The Love Language of the Love Picker™ Gold Rose

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Love Language

The Love Language of the Love Picker™ Gold Rose

Valentine’s Day is upon us once again and lovers everywhere will be buying roses for their sweethearts. Instead of following this love language tradition, give your lover something different this year – something she can hold onto forever.

Real roses will wither and fade, but a Love Picker™ Gold Rose will remain preserved indefinitely – a true testament to the enduring power of love. The delicate petals of a rose, combined with the sophisticated elegance of gold, is a cherished gift that will last a lifetime.

But why do we spend an average of $250 million for Valentine’s roses each February? When did this tradition begin and why? For that matter, why is there even a Valentine’s Day? There are several theories, all of which make sense.

Valentines Day History

One Catholic theory states that we celebrate Valentine’s Day to honor – not one, but two – martyrs who were executed on February 14 during the 3rd century by Roman Emperor Claudius II. Saint Valentine of Terni, one of the two, officiated the weddings of Roman soldiers against the emperor’s wishes; this is where the association with love came from.

The tradition of exchanging cards or letters also came from St. Valentine of Terni. While imprisoned and awaiting execution, the young saint fell in love with a girl he tutored. Before dying, he wrote a letter professing his love to her and signed it “From your Valentine.”

Before February 14 was called St. Valentine’s Day, it was a very different celebration called Lupercalia. In the late 5th century, Pope Gelasius I outlawed the pagan holiday.

In the late 5th century A.C.E., Pope Gelasius I outlawed Lupercalia. Some sources contend that he designated the celebration of St. Valentine’s Day on February 14 to replace it.

The 8th-century Gelasian Sacramentary first documented the Feast of Saint Valentine in February. During the 14th century, the Feast became associated with courtly love, symbolized by the lovebirds of early Spring. While we consider February the middle of winter in the USA, Great Britain once considered the mating season for birds to be Spring.

Another theory, determined by American English professor Jack B. Oruch, states that the modern Valentine’s Day was invented by the poet Geoffrey Chaucer, who died in the 15th century. The most famous line in Chaucer’s “The Parliament of Fowls” states: “For this was on Saint Valentine’s Day, when every fowl comes there his mate to take.”

The mid-19th century marked the beginning of many of the commercialized traditions we grew up with.  Victorian men wooed women with flowers, Richard Cadbury created the first heart-shaped box of chocolates, and the New England Confectionery Company, or Necco, began stamping out an early version of Conversation Hearts.

In the early 1900s, the first official Valentine’s Day cards were distributed by a small American company named Hallmark. It was also during this time that Victorians used floral bouquets to deliver a message to their sweethearts.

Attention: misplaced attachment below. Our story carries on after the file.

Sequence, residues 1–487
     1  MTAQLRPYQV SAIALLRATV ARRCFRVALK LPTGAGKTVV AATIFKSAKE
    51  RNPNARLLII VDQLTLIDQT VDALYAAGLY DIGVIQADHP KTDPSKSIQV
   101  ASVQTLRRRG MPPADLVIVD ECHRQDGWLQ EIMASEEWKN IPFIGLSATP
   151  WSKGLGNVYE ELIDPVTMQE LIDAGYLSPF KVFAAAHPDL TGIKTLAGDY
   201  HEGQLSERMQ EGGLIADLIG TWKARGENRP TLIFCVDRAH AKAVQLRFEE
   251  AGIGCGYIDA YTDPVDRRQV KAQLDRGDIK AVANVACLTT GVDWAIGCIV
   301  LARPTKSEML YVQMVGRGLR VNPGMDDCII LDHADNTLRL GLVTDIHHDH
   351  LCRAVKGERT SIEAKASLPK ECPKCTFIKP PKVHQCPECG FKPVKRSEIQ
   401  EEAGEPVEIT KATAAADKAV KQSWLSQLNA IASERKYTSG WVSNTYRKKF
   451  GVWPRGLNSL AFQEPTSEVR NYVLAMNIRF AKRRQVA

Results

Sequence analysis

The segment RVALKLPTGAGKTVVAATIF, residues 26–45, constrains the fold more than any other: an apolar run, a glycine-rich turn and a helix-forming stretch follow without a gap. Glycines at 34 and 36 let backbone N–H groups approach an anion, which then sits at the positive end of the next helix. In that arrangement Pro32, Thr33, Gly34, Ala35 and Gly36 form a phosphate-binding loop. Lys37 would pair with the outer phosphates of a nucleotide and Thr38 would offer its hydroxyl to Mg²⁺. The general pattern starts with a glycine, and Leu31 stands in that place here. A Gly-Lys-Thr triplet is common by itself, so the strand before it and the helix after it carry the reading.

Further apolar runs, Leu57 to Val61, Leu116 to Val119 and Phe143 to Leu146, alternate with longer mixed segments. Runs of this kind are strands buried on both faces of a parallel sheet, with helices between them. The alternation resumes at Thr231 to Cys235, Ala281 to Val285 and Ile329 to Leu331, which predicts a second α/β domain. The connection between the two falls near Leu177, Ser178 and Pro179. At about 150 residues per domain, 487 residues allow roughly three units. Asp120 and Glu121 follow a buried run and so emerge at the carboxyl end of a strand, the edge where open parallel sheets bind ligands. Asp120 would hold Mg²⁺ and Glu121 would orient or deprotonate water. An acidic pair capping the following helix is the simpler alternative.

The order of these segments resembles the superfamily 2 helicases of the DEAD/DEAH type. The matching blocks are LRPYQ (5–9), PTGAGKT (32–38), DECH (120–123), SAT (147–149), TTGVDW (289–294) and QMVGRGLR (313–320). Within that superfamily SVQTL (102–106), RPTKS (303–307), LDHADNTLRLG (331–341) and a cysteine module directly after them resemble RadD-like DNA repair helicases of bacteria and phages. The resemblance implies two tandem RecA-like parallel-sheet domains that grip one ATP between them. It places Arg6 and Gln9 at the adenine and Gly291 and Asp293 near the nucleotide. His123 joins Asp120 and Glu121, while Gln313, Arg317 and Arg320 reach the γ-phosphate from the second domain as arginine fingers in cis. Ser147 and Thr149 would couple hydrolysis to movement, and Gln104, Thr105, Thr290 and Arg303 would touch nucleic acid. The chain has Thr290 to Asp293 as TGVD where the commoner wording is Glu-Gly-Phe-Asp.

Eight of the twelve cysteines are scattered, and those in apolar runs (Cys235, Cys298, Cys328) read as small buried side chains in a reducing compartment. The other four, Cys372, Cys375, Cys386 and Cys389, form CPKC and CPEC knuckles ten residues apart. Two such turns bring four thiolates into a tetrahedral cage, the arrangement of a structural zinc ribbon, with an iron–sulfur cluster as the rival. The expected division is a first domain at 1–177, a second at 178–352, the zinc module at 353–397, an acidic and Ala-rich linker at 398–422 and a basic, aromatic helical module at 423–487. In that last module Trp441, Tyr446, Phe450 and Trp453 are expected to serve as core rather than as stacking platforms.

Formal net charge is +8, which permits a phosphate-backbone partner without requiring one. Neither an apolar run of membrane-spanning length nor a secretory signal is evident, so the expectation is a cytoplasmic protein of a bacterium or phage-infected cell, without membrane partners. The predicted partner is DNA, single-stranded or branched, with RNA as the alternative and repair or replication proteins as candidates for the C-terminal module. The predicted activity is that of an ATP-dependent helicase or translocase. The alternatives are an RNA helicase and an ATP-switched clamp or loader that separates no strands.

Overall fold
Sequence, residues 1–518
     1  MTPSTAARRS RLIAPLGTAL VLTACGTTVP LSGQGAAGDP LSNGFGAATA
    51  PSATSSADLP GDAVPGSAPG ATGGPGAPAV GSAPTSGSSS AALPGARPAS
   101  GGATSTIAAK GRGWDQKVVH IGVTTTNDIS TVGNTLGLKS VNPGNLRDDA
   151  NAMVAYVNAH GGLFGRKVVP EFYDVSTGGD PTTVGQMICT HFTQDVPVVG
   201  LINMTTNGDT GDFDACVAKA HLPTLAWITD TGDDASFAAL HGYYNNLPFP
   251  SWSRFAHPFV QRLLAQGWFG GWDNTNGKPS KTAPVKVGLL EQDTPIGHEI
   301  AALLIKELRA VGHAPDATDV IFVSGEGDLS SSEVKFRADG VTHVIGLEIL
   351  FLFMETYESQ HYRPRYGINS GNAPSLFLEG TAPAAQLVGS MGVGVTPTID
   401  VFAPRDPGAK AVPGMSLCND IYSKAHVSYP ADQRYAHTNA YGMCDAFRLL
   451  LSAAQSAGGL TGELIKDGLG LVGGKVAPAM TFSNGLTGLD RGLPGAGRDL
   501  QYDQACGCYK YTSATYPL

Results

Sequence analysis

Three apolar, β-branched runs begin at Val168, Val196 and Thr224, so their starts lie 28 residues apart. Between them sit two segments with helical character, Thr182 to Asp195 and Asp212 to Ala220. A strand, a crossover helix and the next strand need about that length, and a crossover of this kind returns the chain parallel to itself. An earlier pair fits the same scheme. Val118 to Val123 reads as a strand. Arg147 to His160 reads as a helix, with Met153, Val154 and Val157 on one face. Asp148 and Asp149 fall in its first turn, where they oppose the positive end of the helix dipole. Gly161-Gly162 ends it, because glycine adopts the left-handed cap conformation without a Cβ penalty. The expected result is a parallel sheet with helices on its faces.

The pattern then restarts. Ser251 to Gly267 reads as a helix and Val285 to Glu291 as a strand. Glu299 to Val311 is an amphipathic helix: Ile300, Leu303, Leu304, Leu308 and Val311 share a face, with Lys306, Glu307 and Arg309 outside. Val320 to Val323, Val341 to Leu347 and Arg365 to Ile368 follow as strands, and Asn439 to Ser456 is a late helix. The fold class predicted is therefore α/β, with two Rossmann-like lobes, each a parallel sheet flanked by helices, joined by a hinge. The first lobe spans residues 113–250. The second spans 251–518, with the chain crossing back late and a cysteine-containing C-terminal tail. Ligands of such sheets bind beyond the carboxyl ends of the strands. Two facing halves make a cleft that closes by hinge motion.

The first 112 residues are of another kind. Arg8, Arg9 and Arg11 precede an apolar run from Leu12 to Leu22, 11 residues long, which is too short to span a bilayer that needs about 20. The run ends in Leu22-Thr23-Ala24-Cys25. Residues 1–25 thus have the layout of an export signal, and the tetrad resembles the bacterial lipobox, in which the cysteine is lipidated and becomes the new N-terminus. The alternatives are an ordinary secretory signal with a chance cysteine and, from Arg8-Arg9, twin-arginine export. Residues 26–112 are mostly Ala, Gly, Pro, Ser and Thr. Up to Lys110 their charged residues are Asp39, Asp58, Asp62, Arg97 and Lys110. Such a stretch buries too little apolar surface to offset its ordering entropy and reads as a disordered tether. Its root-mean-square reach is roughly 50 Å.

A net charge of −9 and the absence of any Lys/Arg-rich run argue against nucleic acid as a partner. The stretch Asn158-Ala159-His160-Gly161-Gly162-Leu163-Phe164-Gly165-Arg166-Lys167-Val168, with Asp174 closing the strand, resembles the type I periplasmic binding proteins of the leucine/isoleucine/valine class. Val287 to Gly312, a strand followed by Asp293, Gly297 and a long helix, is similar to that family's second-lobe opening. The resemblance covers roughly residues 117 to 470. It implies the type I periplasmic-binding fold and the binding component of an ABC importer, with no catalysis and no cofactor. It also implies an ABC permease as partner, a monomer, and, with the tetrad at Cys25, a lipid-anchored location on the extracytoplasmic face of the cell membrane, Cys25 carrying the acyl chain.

According to Kate Greenway, author of The Language of Flowers, the giving of bouquets is called “floriography” and officially solidified the red rose’s romantic status. Learning the language of flowers was a popular hobby in Victorian England, where women had limited roles in society. The idea that each flower possesses a specific meaning gave women the means to communicate and express themselves silently.

In 1819, French author Charlotte de Latour published Langage des fleurs, a dictionary for the language of flowers. The book alphabetically defined each flower and within three decades, nine editions of the English translation had been printed.

In de Latour’s chapter on the rose, the flower is defined as symbolizing love. “Who that ever could sing has not sung the Rose! The poets have not exaggerated its beauty, or completed its panegyric,” she wrote.

Today’s Valentine’s Day Trends

Today, roses are a universal symbol of love, with the meaning being shared across various cultures. Valentine’s Day – February 14th – is celebrated worldwide and is the busiest day for florists with an estimated 250 million roses sold globally.

Every Love Picker™ Gold Rose turns the magnificent flower into an extraordinary gift. The genuine 24k gold plating that encases the preserved rose gives each one a touch of luxury and opulence.

The Love Picker™ 24k Gold Rose was inspired by our passion for creating magical moments. Each rose is hand-selected for its unique beauty, and then undergoes a meticulous preservation method, ensuring that its natural form remains intact.

Love Picker™ roses have been gifted for many reasons, and can be given alone, or as an elegant addition to a gift. We have a variety of gift sets available for both women and men and name engraving on the box is available.

Our team of engineers, designers, and testers take great pride in offering only the best selection of hand-crafted gift boxes to protect your beautiful rose. Each Love Picker™ Gold Rose comes with a Certificate of Authentication.

This Valentine’s Day, give your sweetheart an everlasting gift of love using the language of flowers.

 

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